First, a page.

Young clusters are observed to form in a variety of interacting galaxies and violent starbursts, a substantial number resembling the progenitors of the well-studied globular clusters in mass and size. By studying young clusters in merger remnants and peculiar galaxies, we can therefore learn about the violent star formation history of these galaxies. We present a new set of evolutionary synthesis models of our GALEV code specifically developed to include the gaseous emission of presently forming star clusters, and a new tool that allows to determine individual cluster metallicities, ages, extinction values and masses from a comparison of a large grid of model Spectral Energy Distributions (SEDs) with multi-color observations. First results for the newly-born clusters in NGC 1569 are presented.
We present a new set of evolutionary synthesis models of our GALEV code, specifically developed to include the gaseous emission of presently forming star clusters, in combination with an advanced tool to compare large model grids with multi-color broad-band observations of YSC systems. Tests and first applications are presented.
Evolutionary synthesis models for star clusters of various metallicities, including gaseous emission during the lifetime of the ionizing stars, are used to model star cluster systems comprising two populations: an old metal-poor globular cluster (GC) population similar to that of the Milky Way halo, and a second GC population of arbitrary metallicity. We investigate the time evolution of color distributions and luminosity functions for the two GC populations and compare with observations of E/SO galaxies. We show that multi-passband data for GC populations give clues to the relative ages and metallicities of the two subpopulations, and help constrain formation scenarios for their parent galaxies.
Star cluster formation is a major mode of star formation in the extreme conditions of interacting galaxies and violent star bursts. These newly-formed clusters are built from recycled gas, pre-enriched to various levels within the interacting galaxies. Hence, star clusters of different ages represent a fossil record of the chemical enrichment history of their host galaxy, as well as of the host galaxy’s violent star formation history. We present a new set of evolutionary synthesis models of our GALEV code, specifically developed to include the gaseous emission of presently forming star clusters, and a new tool to analyze multi-color observations with our models. First results for newly-born clusters in the dwarf star-burst galaxy NGC 1569 are presented.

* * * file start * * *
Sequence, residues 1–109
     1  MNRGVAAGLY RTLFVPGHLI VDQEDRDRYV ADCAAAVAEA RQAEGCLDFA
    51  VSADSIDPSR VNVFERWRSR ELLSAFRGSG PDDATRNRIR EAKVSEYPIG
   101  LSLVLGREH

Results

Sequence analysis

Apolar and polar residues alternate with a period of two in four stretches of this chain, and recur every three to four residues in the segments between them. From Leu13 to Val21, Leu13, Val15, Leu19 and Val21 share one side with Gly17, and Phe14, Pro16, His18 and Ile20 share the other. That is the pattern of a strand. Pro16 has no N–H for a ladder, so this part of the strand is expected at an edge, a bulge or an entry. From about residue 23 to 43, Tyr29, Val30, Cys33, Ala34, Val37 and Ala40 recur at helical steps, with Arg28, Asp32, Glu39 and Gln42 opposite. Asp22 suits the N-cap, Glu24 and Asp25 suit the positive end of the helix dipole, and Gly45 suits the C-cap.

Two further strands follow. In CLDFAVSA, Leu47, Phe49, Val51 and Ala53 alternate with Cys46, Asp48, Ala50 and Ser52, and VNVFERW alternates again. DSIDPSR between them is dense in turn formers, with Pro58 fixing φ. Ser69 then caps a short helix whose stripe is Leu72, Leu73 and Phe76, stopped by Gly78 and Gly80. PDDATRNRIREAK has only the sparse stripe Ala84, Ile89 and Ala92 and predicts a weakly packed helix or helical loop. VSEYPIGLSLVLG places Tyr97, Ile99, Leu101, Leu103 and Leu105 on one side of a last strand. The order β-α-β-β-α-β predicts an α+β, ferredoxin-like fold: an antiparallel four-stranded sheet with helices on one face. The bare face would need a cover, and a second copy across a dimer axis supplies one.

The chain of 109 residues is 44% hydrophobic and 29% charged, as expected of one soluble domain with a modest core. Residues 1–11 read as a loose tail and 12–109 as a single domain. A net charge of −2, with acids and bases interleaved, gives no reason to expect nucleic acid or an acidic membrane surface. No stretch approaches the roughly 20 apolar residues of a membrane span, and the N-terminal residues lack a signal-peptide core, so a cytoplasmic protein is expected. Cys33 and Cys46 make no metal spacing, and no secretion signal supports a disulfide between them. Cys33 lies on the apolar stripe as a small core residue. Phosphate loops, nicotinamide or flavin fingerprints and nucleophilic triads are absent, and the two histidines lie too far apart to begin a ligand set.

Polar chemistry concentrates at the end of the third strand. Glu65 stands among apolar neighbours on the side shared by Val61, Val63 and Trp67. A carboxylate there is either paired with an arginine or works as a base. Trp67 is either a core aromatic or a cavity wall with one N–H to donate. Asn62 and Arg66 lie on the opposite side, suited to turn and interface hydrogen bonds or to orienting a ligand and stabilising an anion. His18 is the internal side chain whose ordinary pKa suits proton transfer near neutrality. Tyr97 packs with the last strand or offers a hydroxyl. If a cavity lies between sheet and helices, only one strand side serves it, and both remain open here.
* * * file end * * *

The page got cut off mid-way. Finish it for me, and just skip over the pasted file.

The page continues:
Star cluster formation is a major mode of star formation in the extreme conditions of interacting galaxies and violent starbursts. Young clusters are observed to form in a variety of such galaxies, a substantial number resembling the progenitors of globular clusters in mass and size, but with significantly enhanced metallicity. From studies of the metal-poor and metal-rich star cluster populations of galaxies, we can therefore learn about the violent star formation history of these galaxies, and eventually about galaxy formation and evolution. We present a new set of evolutionary synthesis models of our GALEV code, with special emphasis on the gaseous emission of presently forming star clusters, and a new tool to compare extensive model grids with multi-color broad-band observations to determine individual cluster masses, metallicities, ages and extinction values independently. First results for young star clusters in the dwarf starburst galaxy NGC 1569 are presented. The mass distributions determined for the young clusters give valuable input to dynamical star cluster system evolution models, regarding survival and destruction of clusters. We plan to investigate an age sequence of galaxy mergers to see dynamical destruction effects in process.
To determine whether hydrogen peroxide vapor (HPV) could be used to decontaminate caliciviruses from surfaces in a patient room.
Feline calicivirus (FCV) and murine norovirus (MNV) were used as surrogate viability markers to mimic the noncultivable human norovirus. Cell culture supernatants of FCV and MNV were dried in triplicate 35-mm wells of 6-well plastic plates. These plates were placed in various positions in a nonoccupied patient room that was subsequently exposed to HPV. Control plates were positioned in a similar room but were never exposed to HPV.
Virucidal activity was measured in cell culture by reduction in 50% tissue culture infective dose titer for FCV and by both 50% tissue culture infective dose titer and plaque reduction for MNV.